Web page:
Given that the start of the game (and store page) makes a point to mention how "Your choices affect the story" theres a distinct lack of any choices to be made. Which is doubly odd as the game takes care to give you a codex with which to keep you up to speed with the world and current trends or plot devices. This may be a personal qualm but I expected it to come in to some use when it came to "managing the chaos" of the world, such as reading it granting an insight into how to take action, but instead the sole decision you get to make in this title has but four resolutions resulting in two endings that you make through a series of choices that are mostly red herrings. This makes the codex feel rather unwarranted as everyone always explains themselves in enough detail such that reading it is a waste of effort.

The writing itself feels quite contrived: characters and, in this episode, countries presented are almost painting-by-numbers in their given role. I mean, who hasnt heard the one about the gruff, old mentor with a plucky, slightly rebellious voice-of-reason apprentice. Or the one about the two large nations stuck in a [cold] war over a third, smaller independence.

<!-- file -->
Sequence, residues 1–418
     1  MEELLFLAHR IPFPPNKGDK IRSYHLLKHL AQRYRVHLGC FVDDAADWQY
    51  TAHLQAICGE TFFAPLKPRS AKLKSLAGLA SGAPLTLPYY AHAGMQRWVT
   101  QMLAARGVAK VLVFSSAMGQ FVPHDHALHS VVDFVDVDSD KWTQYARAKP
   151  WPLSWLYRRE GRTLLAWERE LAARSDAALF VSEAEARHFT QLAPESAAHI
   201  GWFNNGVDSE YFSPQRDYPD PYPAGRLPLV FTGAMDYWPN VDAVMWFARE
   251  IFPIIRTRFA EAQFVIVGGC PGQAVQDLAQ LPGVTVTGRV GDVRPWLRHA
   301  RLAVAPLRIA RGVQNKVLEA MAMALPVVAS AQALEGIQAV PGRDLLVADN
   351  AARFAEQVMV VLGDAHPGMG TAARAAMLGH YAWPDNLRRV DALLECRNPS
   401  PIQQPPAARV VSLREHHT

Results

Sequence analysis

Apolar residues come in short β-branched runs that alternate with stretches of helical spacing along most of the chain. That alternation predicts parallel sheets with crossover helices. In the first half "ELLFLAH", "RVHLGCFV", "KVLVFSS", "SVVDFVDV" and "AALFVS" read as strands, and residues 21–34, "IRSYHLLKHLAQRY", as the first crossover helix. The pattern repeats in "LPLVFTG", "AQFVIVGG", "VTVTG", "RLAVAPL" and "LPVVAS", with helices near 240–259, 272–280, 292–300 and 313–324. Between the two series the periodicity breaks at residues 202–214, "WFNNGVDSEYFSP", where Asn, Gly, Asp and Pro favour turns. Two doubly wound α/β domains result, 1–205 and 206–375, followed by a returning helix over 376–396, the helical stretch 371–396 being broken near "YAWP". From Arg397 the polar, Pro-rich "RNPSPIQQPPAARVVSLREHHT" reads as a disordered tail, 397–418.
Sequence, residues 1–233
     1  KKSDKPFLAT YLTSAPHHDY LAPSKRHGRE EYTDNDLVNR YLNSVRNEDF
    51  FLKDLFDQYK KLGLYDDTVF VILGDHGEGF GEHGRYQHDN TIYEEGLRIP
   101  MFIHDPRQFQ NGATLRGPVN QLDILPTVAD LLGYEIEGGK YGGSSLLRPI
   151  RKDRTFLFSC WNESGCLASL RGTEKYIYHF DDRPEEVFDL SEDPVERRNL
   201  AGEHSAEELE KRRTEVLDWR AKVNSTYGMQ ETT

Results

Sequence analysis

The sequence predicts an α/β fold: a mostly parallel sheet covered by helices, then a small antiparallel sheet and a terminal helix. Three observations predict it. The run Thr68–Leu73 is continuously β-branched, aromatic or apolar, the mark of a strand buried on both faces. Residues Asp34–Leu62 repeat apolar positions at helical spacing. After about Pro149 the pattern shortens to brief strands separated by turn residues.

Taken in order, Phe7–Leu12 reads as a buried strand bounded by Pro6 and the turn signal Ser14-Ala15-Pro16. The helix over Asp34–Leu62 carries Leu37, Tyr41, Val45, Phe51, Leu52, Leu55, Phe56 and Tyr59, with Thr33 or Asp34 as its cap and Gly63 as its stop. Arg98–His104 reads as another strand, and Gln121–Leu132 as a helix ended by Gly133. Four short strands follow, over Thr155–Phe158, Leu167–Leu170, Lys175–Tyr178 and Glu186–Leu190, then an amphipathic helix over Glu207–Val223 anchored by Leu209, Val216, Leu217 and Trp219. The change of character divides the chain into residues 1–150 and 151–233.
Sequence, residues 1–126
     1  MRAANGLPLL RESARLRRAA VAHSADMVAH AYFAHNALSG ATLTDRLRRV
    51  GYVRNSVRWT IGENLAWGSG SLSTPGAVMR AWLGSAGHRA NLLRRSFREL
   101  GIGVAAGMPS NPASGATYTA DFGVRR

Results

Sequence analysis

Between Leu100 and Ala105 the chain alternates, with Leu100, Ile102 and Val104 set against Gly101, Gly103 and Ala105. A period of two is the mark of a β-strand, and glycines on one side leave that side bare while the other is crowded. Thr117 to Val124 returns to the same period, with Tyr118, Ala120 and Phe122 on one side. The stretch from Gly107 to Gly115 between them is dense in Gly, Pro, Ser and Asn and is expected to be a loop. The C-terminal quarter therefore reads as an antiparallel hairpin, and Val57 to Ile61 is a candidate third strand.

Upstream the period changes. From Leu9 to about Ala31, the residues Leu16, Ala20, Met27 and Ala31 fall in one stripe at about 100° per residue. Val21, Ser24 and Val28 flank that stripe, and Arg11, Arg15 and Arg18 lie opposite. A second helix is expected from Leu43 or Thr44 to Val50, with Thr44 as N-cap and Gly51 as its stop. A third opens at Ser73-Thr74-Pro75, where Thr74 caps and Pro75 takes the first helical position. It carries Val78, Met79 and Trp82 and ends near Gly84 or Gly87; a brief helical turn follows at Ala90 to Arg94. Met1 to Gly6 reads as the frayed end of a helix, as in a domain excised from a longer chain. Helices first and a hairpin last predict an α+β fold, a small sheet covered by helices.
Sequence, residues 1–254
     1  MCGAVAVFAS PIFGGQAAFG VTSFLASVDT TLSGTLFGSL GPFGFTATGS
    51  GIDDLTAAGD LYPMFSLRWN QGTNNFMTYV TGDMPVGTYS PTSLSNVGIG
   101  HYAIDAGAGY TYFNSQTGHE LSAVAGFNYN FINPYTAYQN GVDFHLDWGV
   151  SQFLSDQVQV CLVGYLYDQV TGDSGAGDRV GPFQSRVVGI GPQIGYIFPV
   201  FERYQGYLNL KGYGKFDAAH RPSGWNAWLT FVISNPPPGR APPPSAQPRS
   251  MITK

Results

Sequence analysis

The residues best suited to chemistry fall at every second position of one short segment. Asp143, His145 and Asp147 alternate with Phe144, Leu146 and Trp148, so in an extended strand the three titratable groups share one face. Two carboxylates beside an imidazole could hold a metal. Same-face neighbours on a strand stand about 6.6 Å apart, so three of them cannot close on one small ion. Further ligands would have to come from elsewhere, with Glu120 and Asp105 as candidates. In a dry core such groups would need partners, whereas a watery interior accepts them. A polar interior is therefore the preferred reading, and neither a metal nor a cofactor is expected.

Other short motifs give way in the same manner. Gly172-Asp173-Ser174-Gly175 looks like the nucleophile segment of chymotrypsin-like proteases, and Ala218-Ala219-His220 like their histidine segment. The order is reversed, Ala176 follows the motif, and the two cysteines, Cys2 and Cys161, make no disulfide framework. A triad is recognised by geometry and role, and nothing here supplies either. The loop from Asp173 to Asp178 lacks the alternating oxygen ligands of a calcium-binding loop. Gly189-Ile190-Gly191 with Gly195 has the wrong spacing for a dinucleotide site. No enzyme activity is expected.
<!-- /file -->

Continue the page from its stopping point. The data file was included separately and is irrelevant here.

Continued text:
That being said, credit where credit is due, the game does look lovely. The UI is clean and distinct, backgrounds are nicely detailed and the character portraits display many emotions in a variety of poses. Most of all it feels consistent -- portraits dont just sit on top of the background but instead fit in, general colours and tone do well to make this.

I can only really hope that future episodes really expand on what I would only really call an extended teaser here.
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12 of 12 people (100%) found this review helpful